Review: ‘Miss Sloane’ Works Because of Jessica Chastain

Jessica Chastain was in her thirties when she finally broke through as a major actress of this generation, and when she did it was akin to a seismic explosion hitting the movie world. Her breakthrough year 2011, saw her nominated for an Oscar for supporting actress for her superb turn in The Help (2011), but should just as easily could have been nominated for her luminous performance in The Tree of Life (2011) and Take Shelter (2011). One year later she was nominated for Best Actress as Maya, the brains behind the discovery of the whereabouts of Osama Bin Laden in the remarkable Zero Dark Thirty (2012), which many believe, myself included should have won her the Oscar. That same year she was outstanding in Lawless (2012), and remained busy for the next three years. A third Oscar nomination should have come for her seething  work in A Most Violent Year (2014), she was both sexual and teasing in Miss Julie (2014) opposite Colin Farrell, outstanding as a brilliant young woman dealing with space in Interstellar (2014) and commanded respect as the captain of the ship in The Martian (2015). She will undoubtedly be an Oscar nominee next year for The Zoo Keepers Wife (2017) or Woman Walks Alone (2017), and with her brilliant performance in Miss Sloane (2016) she will take a shot at Best Actress nomination in January.

What does a lobbyist do?

Elizabeth Sloane (Chastain) is the single most feared (her opponents are terrified of her) and accomplished lobbyist in Washington DC, a barracuda able to get the other side over to hers with startling ease. She wins fights, major political fights, and turns the tide to a way of thinking. She works to get politicians to think her way or at least give her the support she needs in her latest cause. In this case it is for greater gun control.

As a whip smart, focused and intense lobbyist in Washington DC, Sloane (Chastain) is known for her iron will, her unbending and simple refusal to lose, for being a step ahead of the other guys, and for refusing to yield even when the odds are against her.  Resigning from her cushy job at a major legal firm, she jumps into the gun control lobby, choosing her side and then making the decision to fight for their rights. Choosing a crack team to fight with her, she knows all along she is the weapon they best need to win their fight, and puts herself front and centre in the war. Knowing she has made enemies, she has no idea how powerful they are or the imminent danger she is in. It is not that she is naïve, just that believes herself invincible.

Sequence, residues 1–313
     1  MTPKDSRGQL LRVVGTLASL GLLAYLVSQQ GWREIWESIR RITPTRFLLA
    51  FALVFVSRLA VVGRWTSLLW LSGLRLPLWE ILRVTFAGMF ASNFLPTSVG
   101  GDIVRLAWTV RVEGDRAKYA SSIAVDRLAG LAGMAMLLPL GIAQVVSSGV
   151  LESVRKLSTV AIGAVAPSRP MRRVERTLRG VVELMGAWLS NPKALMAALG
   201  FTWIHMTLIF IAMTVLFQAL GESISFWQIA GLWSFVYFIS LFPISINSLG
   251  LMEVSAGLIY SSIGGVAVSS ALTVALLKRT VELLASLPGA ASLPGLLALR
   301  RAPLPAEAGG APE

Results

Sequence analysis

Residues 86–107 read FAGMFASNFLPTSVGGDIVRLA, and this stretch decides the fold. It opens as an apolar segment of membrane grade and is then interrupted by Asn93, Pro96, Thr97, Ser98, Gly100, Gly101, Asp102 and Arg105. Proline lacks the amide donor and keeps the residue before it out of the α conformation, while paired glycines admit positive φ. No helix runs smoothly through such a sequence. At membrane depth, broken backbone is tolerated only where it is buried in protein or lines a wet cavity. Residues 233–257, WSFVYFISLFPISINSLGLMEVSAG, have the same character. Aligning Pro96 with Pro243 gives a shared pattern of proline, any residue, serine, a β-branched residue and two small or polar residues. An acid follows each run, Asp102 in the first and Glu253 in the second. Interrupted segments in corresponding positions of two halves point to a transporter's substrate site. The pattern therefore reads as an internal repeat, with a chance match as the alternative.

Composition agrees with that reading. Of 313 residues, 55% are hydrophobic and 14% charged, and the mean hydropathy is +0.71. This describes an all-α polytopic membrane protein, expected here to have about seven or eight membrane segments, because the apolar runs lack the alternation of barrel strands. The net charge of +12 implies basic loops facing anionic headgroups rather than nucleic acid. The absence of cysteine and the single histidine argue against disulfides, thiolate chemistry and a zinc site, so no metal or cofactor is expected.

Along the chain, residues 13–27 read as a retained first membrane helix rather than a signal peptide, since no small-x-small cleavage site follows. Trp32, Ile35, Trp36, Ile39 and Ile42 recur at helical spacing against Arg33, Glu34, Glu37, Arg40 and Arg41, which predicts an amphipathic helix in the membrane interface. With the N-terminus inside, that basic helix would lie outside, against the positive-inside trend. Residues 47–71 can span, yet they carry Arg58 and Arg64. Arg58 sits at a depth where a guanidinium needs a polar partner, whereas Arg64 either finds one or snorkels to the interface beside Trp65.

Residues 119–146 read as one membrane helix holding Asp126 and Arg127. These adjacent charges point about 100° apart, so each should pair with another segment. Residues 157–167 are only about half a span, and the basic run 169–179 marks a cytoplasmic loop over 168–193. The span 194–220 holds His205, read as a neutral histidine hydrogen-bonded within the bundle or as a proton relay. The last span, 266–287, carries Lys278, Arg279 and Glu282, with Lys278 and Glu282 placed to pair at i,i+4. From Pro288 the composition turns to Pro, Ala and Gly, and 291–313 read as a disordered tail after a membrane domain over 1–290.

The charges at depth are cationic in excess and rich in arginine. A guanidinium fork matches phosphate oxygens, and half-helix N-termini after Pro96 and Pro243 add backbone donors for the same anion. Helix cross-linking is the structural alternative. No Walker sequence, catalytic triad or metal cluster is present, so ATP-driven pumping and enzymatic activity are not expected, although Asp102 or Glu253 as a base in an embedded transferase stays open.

To say Chastain owns this film is an understatement, without her it is nothing. Blood thirsty, a ball breaker, she is vicious in her quest to win, willing to do anything, including throwing a devoted colleague under the bus, using an incident from that persons past to hammer home a point, to intimidate, even threaten to get what she wants. She does of course cross the wrong people, not to mention many lines, and finds herself in peril, not knowing who to trust, not wanting to believe that one of her own might be working against her. Steel jawed, like a hyena in heels, she moves in to attack mode and God help anyone in her path. This is a ferocious piece of acting as this brilliant actress grabs hold of this character and inhabits her in every way, from the strut she walks with to the way she directs her laser gaze at her prey.

At times we want to scream at her: Have you no sense of decency ma’m? Perhaps we fear the answer. Now more than ever I think we understand in the political game, decency does not exist. It is thrilling to see a strong woman in charge in the world of politics; Chastain is a revelation.

John Lithgow is perfectly sleazy as her enemy reminding us of what a gifted actor he can be, light years away from his comedy on his TV show Third Rock from the Sun, radically different from his recent performance as Winston Churchill in The Crown, a throwback to his serial killer in Blow Out (1981) so long ago.  Gugu Mbatha-Raw is both brilliant and heartbreaking as the fellow lobbyist Sloane attacks for an event in her past, disregarding the young woman’s feelings on the matter, using it for her personal gain. The look in the fellow lobbyists eyes when she realizes what is happening to her is shattering, a trust is violated, and Sloane knows as she is doing it what she is doing.

John Madden directed the film, he is best known for Shakespeare in Love (1998) and in hindsight it might have been terrific to see Chastain cast in that movie as opposed to Paltrow. He is well aware his lead actress is in what the actors call the zone and no one is going to throw her off her game.

Rating: 3/5